Following a meeting with Bohuslav Sobotka, leader of the center-left Social Democrats (ČSSD), presidential hopeful Jan Švejnar confirmed that he intends to stand as an independent candidate in next year’s Czech presidential elections but will take part in campaign debates organized by the largest opposition party.
Recent polls suggest that the US-based economics professor is a front runner for the post having boosted his public profile by standing in the last indirect presidential elections in 2008.
Švejnar confirmed earlier speculation that he and his associates had decided that he would stand a better chance in next year’s direct presidential elections if he runs as an independent candidate. Following his meeting with Sobotka, however, he said that despite the decision, he will participate in presidential campaign debates previously organized by the Social Democrats.
“As for Jan Švejnar, his priority is to maintain a position as a nonaligned candidate,” Sobotka said after his meeting with the economist on Wednesday evening. Nevertheless, the ČSSD leader could not confirm that Švejnar would not stand as the candidate for another party. “All these options are open,” Sobotka told reporters.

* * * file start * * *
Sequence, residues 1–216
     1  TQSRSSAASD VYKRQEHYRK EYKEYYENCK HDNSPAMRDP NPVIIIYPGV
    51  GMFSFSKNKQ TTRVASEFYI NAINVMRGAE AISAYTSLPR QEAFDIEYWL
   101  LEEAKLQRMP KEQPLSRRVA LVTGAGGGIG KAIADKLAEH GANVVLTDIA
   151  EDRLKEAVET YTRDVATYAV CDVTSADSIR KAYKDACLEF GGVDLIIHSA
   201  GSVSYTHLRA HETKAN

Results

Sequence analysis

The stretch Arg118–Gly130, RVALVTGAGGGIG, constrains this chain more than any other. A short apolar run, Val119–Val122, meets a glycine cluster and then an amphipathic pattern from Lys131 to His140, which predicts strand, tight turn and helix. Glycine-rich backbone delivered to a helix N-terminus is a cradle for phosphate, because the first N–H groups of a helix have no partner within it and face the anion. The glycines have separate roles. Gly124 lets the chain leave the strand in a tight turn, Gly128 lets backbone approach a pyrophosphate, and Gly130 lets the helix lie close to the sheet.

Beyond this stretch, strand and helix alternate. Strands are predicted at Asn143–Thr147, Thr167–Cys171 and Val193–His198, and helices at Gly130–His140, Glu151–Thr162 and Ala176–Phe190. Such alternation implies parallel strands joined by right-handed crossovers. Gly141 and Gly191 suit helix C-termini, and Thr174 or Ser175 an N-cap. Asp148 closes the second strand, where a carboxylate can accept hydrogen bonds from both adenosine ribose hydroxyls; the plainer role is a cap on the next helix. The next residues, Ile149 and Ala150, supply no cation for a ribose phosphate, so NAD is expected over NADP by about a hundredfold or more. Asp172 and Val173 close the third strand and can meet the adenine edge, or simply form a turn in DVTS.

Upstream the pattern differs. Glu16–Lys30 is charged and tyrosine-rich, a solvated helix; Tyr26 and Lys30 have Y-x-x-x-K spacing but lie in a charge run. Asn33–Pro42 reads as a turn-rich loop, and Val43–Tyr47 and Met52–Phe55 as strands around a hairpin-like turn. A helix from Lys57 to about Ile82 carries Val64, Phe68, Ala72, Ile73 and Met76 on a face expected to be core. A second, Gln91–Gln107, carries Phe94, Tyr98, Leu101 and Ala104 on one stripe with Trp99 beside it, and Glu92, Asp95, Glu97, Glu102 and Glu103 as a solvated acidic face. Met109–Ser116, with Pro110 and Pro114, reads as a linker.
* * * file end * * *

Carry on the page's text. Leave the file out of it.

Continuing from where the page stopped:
Švejnar told the daily Právo that contrary to earlier speculation he will not withdraw from the campaign debates organized by the main opposition party and will attend one such event due to take place in Ústí nad Labem on Thursday.
Following amendments to the Constitutional law on presidential elections which was signed into law in February, the first ever direct vote in the post-communist Czech Republic to select a new head of state will be held in early 2013. In addition to Švejnar, nine other potential candidates have announced their intention to run, though first they each must collect 50,000 signatures or get the backing from sufficient members of parliament.
The current Czech president Václav Klaus will not run as he will have served the maximum two consecutive terms in the post.
Švejnar later said that while meaning to run in the contest to become Czech head of state, he has still not taken a definitive decision.